27 May, 2016
By Max Scott-Slade, Game Design Director
How has our vision for truck design developed throughout prototyping Cone Wars? In this edition of the dev diary I’ll share our journey on how we designed the trucks to fit our ice cream-crazed mindset and where we want to head post-Greenlight.
Initial concept design
When creating a menacing ice cream truck, you’d think that the soft sell of a truck covered in rip-off childhood heroes playing a nostalgic jingle would be enough unchanged. But of course… we wanted to go further.
Commonalities of modern turf wars include loud jingles, overt signage, tricked out trucks and aggressive driving. Cone Wars is all about this peak hustle and a glaring sun beating down on a sweaty bundle of ice-cream obsessed human foot traffic.
These were our thoughts going into our first sketches.
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12 May, 2016
By Hugo Scott-Slade, Technical Director
Another dimension of driving
When we built our 2D prototype for GDC, we knew driving was one of the key elements to the game’s feel. With no characters in the prototype, the personality had to come from the trucks and how each was controlled. The physics for the trucks were bespoke to the game so this meant we had a tremendous amount of control over the vehicle handling.
When we made the decision to take the game to 3D we knew that personality was just as important,but we quickly discovered this wasn’t a simple transition as the prototype was designed and tuned to be played topdown.
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1 September, 2015
2015 was a massive year for Cone Wars. We went through rapid prototyping, concept testing at GDC and in some ways, went back to the drawing board to make a much better game.
Initial prototype and GDC
The first Cone Wars playable prototype was actually much more than a prototype as we wanted to dive-in and show the vision of what Cone Wars could be. After two months, we were so happy with the outcome that we took the game to GDC 2015 and showed it at a dedicated booth on the UKIE stand. Feedback from press and platform holders was awesome. But even though response was positive, it was important for us to hit as many players as possible for feedback. There were two key learnings we took away from GDC:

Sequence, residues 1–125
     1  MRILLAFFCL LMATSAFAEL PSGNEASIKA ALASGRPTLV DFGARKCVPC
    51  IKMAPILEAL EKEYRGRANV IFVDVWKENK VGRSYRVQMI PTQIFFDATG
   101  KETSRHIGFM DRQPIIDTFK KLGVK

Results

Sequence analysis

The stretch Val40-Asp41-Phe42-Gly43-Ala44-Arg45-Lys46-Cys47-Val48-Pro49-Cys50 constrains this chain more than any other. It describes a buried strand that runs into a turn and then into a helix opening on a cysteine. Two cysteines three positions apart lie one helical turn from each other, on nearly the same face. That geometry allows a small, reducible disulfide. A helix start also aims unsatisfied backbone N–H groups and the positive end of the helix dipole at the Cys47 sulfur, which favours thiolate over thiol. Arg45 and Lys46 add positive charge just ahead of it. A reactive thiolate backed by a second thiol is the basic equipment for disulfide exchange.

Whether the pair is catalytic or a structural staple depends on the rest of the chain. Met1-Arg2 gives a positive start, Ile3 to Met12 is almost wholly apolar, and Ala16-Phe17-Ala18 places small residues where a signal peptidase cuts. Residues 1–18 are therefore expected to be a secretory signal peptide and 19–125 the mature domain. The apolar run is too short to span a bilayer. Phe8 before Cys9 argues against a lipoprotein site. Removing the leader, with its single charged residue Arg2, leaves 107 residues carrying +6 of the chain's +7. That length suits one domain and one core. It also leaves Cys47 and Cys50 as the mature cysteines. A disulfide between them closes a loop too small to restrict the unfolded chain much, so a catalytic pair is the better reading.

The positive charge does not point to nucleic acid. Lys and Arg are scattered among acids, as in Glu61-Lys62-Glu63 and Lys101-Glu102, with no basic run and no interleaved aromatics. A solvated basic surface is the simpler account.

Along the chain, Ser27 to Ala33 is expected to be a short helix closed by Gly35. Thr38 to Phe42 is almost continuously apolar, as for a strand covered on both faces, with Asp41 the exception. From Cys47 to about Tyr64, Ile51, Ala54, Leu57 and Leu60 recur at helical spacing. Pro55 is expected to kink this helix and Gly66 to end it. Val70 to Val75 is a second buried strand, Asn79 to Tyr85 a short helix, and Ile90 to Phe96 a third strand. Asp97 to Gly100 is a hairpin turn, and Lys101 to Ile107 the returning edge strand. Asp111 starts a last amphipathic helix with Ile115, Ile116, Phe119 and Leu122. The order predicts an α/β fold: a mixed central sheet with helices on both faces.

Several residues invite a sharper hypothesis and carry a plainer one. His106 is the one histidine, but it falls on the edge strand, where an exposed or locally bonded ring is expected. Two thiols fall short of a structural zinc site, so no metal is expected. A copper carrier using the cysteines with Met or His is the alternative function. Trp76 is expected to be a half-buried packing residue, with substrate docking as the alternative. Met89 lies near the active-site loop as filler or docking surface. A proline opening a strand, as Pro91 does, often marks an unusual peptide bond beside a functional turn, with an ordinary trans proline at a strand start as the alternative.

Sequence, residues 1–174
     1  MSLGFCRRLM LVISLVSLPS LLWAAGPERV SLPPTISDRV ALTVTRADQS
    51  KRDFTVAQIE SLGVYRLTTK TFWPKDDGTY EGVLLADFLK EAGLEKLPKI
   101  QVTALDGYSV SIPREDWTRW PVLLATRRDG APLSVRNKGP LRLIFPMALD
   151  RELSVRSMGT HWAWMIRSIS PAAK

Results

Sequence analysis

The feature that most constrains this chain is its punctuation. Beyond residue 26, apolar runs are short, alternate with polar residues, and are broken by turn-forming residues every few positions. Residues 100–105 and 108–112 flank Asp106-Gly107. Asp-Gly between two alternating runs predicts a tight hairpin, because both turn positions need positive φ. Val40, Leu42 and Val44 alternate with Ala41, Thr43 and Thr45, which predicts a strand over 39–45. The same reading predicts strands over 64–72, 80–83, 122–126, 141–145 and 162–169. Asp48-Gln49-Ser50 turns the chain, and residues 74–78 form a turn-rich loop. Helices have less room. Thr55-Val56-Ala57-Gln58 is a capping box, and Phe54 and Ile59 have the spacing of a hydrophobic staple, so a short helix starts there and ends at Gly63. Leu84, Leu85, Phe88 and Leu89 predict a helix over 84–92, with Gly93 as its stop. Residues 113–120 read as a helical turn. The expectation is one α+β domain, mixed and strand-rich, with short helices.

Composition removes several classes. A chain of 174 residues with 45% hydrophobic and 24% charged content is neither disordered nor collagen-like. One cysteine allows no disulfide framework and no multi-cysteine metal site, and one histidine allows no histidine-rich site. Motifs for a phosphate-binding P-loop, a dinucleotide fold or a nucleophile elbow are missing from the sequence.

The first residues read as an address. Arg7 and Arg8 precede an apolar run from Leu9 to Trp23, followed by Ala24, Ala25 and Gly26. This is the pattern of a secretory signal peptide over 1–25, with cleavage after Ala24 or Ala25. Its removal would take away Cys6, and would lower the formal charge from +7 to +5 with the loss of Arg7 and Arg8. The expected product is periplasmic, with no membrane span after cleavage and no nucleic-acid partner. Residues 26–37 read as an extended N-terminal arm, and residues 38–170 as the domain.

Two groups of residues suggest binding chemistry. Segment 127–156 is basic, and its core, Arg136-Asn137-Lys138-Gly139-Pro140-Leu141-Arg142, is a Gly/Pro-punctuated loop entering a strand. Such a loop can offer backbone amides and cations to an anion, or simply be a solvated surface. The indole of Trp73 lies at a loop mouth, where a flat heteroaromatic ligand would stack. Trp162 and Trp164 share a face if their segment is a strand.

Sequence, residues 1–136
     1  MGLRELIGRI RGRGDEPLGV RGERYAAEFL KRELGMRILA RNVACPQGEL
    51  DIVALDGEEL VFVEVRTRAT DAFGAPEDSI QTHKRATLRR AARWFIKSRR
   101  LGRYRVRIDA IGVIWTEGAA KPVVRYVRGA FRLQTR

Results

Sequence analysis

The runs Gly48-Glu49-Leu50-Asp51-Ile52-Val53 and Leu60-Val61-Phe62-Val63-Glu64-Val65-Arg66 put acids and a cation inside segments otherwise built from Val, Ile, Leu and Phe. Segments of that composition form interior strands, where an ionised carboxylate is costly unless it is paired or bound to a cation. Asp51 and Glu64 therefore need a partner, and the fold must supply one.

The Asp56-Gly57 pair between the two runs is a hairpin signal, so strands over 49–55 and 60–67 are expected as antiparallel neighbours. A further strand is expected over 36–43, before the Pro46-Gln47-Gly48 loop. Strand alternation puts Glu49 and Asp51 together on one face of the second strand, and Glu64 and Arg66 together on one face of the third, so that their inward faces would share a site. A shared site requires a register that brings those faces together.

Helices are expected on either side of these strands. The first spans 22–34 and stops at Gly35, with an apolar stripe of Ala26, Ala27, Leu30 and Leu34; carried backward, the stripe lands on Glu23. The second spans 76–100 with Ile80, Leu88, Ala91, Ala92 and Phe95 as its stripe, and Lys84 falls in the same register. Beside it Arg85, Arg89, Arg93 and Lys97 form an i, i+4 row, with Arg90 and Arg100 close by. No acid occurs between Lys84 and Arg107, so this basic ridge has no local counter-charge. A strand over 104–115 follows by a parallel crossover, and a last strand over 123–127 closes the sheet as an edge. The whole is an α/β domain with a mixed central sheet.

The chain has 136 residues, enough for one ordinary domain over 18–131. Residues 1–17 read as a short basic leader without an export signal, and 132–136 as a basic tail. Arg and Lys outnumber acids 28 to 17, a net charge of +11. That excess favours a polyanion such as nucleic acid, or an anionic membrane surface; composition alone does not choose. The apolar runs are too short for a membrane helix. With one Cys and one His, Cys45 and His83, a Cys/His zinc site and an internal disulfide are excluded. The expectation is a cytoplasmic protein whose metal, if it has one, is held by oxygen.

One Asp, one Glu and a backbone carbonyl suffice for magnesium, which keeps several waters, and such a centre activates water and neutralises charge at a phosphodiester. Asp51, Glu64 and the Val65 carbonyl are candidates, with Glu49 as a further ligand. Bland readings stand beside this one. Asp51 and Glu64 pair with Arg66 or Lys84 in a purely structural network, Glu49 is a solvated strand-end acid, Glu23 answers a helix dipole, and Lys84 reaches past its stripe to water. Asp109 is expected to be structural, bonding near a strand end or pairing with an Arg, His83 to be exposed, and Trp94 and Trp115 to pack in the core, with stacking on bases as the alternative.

1. While co-operation and team play felt strong, it would have been an even better experience if the number of players in the game was higher.
2. Online multiplayer seemed a logical step and based on feedback, pulling the camera out from behind the truck into a third person perspective, felt like the perfect companion.
Prototype 2 and 3
After returning from GDC, we got stuck into development. Prototype 2 proved that our networking technology of choice was constantly changing, we couldn’t get the stable base platform we needed to focus on game code and it also lacked Steam networking support for our launch timeframe (all things we discovered as more documentation became available). Large open landscapes were tough to make feel alive and our low player count meant it often felt lonely being in the game world.
Unity had just released its new networking technology during the development of this second prototype so we experimented with game matchmaking — it felt incredible to play each other from different locations across London. The future of Cone Wars had to be online.
Prototype 3 began with superior knowledge of networking, we chose stable libraries and reduced the size of the game world and simplified the controls. It was beginning to feel like Cone Wars was heading back in the right direction.
In the coming months we’re dialling up online multiplayer, vehicle physics and of course bringing you the creamiest of weapons.
Stay tuned for Summer 2016 when we launch Cone Wars to Steam!